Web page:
GetPDFServlet - Calibration of atomic-force microscope tips...

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Calibration of atomic-force microscope tips Jeffrey L. Hutter and John Bechhoefer Department of Physics, Simon Fraser University, Burnaby, British Columbia, VSA 235, Canada (Received 29 March 1993; accepted for publication 12 April 1993) Images and force measurements taken by an atomic-force microscope ( AFM) depend greatly on the properties of the spring and tip used to probe the sample ’s surface. In this article, we describe a simple, nondestructive procedure for measuring the force constant, resonant frequency, and quality factor of an AFM cantilever spring and the effective radius of curvature of an AFM tip. Our procedure uses the AFM itself and does not require additional equipment, 1. INTRODUCTION check, for example, whether a tip has been blunted after crashing into a sample surface. Since its invention in 1986, the atomic-force microscope ’ (AFM) has become an increasingly impor- In this article, we describe a nondestructive procedure for calibrating individual cantilevers and tips for use in tant tool for studying surfaces at the atomic level. Beyond microscopy. In Sec. II, we review the two the often spectacular and occasionally informative images common AF?vi imaging modes. In Sec. III, we show that obtained of surfaces, the AFM has the potential to give measurements of thermal fluctuations of the cantilever can quantitative information about focal forces and interactions.26 The accuracy of such measurements de- yield its spring constant, resonant frequency, and the qual- ity factor of the resonance. In Sec. IV, we show that mea- pends upon a knowledge of the physical properties of the surements of van der Waals forces on the tip allow an spring and tip that probe these forces. In particular, one effective tip radius to be inferred. In Sec. V, we present needs estimates of the size of the tip and the force constant representative data from the calibration of a silicon-nitride of the cantilever spring to which the tip is attached. cantilever with an integral pyramidal Despite this need for calibration of individual tips and cantilevers, measurements of these properties have either been based on theoretical estimates or have been made only on supposedly representative samples. Typically, the radius of an AFM tip is taken from manufacturer ’s specifications or, rarely, measured by electron microscopy.7-9 In the former case one uses a nominal figure that represents an average for a batch of microfabricated tips, while, in the latter, measurements are difficult and are likely to destroy the tip. ” In either case, only the average macroscopic ra- dius of curvature will be measured. However, the tip- sample interaction is dominated by the small portion of the tip closest to the sample. Since the tip is not likely to end in a perfect sphere, particularly in the case of pyramidal tips, such an average value will not serve as a very useful calibration. II. THE ATOMIC-FORCE MICROSCOPE The AFM probes the surface of a sample by moving the sample beneath a tip attached to a weak cantilever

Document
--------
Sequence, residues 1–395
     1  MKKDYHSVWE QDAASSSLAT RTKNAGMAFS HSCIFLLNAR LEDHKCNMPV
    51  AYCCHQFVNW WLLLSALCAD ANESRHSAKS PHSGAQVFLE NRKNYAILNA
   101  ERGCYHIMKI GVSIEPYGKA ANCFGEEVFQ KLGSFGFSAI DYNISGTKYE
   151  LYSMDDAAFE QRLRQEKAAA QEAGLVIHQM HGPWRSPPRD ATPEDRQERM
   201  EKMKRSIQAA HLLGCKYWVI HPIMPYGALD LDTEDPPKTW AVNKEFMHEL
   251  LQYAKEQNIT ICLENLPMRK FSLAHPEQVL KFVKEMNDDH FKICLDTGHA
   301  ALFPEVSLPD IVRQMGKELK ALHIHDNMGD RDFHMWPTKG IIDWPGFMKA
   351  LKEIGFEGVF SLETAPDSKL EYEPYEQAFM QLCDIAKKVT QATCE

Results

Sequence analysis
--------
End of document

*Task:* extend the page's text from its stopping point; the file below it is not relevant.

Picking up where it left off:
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GetPDFServlet - Calibration of atomic-force microscope tips...

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